The Fisher King: "Wille zur Macht" in Baltimore

Critical Inquiry 10 (4):668-694 (1984)
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Abstract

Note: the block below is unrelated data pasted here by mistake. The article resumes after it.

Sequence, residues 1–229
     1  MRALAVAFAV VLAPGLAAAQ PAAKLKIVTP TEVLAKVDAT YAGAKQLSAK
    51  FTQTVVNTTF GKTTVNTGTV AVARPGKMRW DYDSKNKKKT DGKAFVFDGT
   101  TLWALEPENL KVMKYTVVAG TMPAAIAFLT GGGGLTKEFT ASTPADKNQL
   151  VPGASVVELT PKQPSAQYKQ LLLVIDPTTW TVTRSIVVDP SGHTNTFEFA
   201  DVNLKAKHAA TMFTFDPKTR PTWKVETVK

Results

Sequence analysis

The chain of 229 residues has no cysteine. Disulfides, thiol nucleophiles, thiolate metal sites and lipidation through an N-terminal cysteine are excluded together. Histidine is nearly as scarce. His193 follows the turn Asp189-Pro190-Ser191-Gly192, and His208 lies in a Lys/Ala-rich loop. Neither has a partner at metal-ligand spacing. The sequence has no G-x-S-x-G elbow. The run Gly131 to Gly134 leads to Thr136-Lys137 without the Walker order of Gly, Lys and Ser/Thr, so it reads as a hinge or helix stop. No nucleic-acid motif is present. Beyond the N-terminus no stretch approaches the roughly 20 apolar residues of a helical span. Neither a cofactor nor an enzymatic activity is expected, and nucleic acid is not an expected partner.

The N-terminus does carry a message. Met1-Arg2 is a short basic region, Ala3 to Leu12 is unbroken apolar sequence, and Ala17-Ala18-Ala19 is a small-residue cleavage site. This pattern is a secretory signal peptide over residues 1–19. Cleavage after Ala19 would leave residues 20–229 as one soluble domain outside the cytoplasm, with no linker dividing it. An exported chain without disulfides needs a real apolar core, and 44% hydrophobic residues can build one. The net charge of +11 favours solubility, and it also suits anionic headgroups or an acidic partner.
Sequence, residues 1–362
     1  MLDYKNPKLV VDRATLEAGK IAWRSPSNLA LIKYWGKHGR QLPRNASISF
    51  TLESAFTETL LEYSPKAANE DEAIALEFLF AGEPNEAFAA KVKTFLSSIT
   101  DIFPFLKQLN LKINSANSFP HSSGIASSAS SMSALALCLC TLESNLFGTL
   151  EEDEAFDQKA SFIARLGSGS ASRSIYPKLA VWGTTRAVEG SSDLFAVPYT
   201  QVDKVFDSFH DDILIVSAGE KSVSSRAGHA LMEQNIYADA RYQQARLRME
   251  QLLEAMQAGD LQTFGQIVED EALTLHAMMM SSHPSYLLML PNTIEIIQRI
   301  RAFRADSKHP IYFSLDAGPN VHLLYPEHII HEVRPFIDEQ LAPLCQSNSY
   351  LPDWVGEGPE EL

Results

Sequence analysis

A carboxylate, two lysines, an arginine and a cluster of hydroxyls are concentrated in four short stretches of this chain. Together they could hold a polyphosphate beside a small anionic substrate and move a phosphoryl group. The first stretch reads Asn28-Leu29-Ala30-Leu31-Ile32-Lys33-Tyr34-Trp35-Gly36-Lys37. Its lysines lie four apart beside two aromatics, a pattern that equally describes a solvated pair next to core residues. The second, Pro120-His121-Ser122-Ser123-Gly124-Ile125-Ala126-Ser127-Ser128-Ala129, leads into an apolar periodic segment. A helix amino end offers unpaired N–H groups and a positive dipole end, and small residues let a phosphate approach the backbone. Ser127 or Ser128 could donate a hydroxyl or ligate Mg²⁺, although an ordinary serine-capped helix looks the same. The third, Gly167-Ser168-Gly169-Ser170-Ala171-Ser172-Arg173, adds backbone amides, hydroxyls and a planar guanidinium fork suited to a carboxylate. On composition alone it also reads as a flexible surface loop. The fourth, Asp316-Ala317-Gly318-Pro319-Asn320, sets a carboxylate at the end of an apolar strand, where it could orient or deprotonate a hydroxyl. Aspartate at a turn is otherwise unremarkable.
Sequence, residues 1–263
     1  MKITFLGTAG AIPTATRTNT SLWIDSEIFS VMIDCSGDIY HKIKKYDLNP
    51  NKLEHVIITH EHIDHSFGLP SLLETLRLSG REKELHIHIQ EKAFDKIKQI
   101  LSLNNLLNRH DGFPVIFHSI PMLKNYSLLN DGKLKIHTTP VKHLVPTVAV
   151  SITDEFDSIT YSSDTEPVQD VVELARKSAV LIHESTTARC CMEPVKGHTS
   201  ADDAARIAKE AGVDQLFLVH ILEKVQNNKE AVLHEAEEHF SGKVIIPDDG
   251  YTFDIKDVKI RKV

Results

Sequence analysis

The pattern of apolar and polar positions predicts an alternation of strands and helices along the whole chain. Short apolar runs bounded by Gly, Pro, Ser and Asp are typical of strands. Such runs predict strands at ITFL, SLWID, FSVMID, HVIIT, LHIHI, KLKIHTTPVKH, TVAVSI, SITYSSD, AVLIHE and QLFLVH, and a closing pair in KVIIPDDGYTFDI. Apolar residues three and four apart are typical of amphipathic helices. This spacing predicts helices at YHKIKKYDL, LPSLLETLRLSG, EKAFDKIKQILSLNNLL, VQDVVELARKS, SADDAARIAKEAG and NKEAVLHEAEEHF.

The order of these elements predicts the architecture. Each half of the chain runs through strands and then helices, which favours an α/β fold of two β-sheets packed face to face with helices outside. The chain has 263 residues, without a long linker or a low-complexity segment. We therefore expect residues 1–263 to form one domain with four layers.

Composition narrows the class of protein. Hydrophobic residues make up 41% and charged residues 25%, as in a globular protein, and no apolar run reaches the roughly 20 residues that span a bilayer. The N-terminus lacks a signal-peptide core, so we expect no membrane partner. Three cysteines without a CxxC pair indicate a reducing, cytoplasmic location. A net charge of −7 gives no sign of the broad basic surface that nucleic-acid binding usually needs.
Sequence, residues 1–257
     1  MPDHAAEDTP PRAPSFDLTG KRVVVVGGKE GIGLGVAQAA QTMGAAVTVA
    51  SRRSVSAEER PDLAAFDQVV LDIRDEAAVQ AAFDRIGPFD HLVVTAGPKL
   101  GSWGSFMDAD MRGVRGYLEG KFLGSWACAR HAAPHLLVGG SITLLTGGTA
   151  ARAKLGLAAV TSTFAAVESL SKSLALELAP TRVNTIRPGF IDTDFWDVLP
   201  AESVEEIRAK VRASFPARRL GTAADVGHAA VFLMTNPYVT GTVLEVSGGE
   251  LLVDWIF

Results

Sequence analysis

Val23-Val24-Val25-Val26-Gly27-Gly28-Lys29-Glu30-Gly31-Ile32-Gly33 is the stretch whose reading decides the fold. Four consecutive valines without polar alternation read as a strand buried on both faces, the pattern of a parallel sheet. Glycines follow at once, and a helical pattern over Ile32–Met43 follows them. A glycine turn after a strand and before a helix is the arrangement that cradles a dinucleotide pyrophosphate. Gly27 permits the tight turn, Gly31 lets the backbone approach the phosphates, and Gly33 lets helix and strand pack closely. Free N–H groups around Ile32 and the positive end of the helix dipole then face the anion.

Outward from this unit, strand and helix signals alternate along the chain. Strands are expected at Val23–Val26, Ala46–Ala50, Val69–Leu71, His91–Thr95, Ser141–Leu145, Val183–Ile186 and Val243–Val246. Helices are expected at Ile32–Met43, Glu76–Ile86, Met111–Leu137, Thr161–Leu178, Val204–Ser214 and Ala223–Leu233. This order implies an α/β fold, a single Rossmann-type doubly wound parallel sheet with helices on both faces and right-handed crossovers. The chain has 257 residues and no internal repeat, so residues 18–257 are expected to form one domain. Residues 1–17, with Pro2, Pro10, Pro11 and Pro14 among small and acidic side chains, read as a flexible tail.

Interpretation is an institutional activity and that may be the most significant fact about it; we are, indeed, a profession, and as such we train students to think about literature in certain ways. Membership in the community is determined by how well one masters the rules of the game. These inescapable facts may be the source of our greatest problems—or their hidden solution. Stanley Fish champions the latter alternative, arguing, in his most recent book, that “the interpretive community” is the ultimate principle of authority in criticism and is capable of resolving all the problems of interpretation.1 If we want to know what reading is, how texts achieve determinate meaning, what constitutes validity in interpretation, or how to resolve the “conflict of interpretations,” we must, Fish argues, focus on the community itself, for it is here alone that these matters are determined.Though he has had more than his share of professional attention, having developed this argument makes Fish’s work worthy of further consideration. He quite simply presents the best picture we are likely to get of the “mind” of the profession, and, in treating him at length here, I am primarily concerned with his representative status. His great achievement is to have articulated the assumptions and beliefs underlying the practices that are favored in our profession: the tacit theoretical position composed of ideas and commonplaces that are so deeply held and constantly in use that they “prestructure” both our dealings with literature and our debates over those dealings. While remaining for the most part “unconscious,” these ideas nevertheless function as self-evident and unassailable truths. If we are to move, as I think we must, toward experiencing a crisis in our discipline, we first have to know where we are. And for that, Fish is invaluable because he has set out to become the official spokesman and efender of the profession. Walter A. Davis, associate professor of English at the Ohio State University, is the author of The Act of Interpretation: A Critique of Literary Reason. The present essay is from a recently completed work on contemporary criticism. He is currently writing a book on modern American drama

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